Seattle author Erica Bauermeister's novel "Joy for Beginners" tells the story of a group of friends who each agree to take on an intimidating task in hopes of breaking out of their self-protective shells. Bauermeister will read Thursday, June 9, at Seattle's Elliott Bay Book Co.

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Cancer finally is in Kate’s rearview mirror. But her spirit remains tentative, hesitant after months of hospital visits and treatments. Despite her daughter’s urgings for a grand adventure, she’s overwhelmed, nervous to live too loudly.

She’s noticed over the months that she’s not alone. Though they laugh and celebrate around her table in Seattle, many of the women in Kate’s close circle, young and old alike, are just as scared to live lives in full color, just as protective of their own scars.

When her friend Marion brokers a deal — each woman will tackle an intimidating task in the coming year if Kate goes whitewater rafting — Kate agrees on one condition: She will handpick each mission, tailoring them to heal each of her friends.

And so begins the series of journeys that define “Joy for Beginners” (Putnam, 272 pp., $24.95), the second novel by Seattle author Erica Bauermeister. As in her first work, “The School of Essential Ingredients,” Bauermeister’s mastery of character development and keen eye for description transform what could have been just another sisterhood book into something deeper, albeit just as soothing.

Like its predecessor, “Joy” reveals each character in a series of poignant vignettes. In each, rich detail lends an instant, almost tactile familiarity — these are women we may sit with at work, or know from book club or church, or hug each holiday season in our own families.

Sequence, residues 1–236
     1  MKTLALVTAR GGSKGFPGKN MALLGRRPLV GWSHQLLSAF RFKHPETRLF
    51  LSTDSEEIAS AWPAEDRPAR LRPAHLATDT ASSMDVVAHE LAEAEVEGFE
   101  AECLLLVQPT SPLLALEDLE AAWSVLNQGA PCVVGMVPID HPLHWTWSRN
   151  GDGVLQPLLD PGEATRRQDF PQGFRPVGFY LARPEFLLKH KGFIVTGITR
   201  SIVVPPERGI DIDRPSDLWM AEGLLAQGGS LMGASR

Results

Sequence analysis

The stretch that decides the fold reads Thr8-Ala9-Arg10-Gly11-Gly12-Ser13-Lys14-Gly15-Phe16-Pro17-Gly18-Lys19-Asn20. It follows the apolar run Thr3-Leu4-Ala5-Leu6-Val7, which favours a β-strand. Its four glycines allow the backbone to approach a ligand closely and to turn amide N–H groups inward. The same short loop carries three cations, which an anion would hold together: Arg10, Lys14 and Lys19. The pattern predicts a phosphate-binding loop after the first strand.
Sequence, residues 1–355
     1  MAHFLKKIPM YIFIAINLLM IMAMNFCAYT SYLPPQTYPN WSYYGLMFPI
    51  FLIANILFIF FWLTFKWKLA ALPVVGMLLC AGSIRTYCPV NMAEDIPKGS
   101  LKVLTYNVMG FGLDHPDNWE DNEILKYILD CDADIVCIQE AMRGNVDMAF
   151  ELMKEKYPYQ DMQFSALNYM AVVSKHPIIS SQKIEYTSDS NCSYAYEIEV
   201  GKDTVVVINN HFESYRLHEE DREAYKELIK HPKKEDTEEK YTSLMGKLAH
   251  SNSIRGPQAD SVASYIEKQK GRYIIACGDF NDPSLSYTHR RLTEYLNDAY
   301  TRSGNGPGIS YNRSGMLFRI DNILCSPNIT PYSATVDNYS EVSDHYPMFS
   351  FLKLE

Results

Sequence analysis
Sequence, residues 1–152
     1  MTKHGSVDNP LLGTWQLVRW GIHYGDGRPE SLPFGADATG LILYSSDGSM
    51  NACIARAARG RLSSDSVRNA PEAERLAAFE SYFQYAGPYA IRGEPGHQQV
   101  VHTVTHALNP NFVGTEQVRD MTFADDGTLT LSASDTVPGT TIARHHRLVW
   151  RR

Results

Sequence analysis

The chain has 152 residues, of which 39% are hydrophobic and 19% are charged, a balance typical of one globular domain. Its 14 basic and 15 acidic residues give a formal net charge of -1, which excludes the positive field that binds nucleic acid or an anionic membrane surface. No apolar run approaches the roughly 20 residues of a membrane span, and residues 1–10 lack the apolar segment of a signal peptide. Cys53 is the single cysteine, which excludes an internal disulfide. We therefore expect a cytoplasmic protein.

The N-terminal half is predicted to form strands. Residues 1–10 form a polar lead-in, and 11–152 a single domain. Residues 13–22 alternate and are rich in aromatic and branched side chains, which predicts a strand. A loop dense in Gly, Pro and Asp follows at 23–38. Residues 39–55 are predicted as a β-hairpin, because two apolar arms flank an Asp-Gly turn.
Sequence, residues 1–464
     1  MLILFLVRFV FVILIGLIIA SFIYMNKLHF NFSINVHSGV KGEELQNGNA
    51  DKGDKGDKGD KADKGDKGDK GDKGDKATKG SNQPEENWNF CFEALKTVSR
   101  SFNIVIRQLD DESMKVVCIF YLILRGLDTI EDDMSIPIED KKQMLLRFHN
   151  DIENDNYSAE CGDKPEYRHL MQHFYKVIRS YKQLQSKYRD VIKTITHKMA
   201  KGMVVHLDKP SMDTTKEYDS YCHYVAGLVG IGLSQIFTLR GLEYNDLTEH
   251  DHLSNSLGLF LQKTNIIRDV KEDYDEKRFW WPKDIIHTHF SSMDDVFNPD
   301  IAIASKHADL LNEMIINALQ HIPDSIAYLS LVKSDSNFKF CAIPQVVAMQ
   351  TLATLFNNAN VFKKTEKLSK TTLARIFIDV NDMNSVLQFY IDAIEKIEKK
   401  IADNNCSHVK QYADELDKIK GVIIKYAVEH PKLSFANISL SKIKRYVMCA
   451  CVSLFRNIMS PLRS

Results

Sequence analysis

A tiny house protects Hadley from the world after the sudden death of her husband. Sara’s life orbits around her children and husband. Daria, the potter, has built a fence around her heart. Ava finds loss unbearable. Empty-nester Marion desires reinvention. Caroline remains stuck in memories after an unexpected divorce.

“Things held on to Caroline — the ends of her sleeves caught by doorknobs, her coat in a car door, the knit of her Irish sweater snagged on an errant nail that no one had ever remembered seeing sticking out of the wall. But she had never been as good at catching, holding on to things — taxicabs, elevator doors, a husband, slipping closed and past, already on their way to another floor, another life.”

The range of ages and relationships in this story offers insight into life’s many stages. It’s a delight to recognize the characters’ growth as they conquer their assignments: Coaxing out the perfect loaf of bread; enduring the buzz of a tattoo needle; a triumphant plunge down the rapids of the Grand Canyon; navigating the canals of Venice.

“It was funny, Sara thought as she left the courtyard and headed back into the maze of streets. She couldn’t remember the last time she had really looked up and paid attention to anything higher than the top of her children’s heads. She had spent the past eight years looking at the ground ahead for things that would trip them, or behind for things they had dropped. The world had diminished to a height of four feet. And yet here it was, with a sky full of birds.”

Karen Gaudette is a freelance writer and former Seattle Times reporter.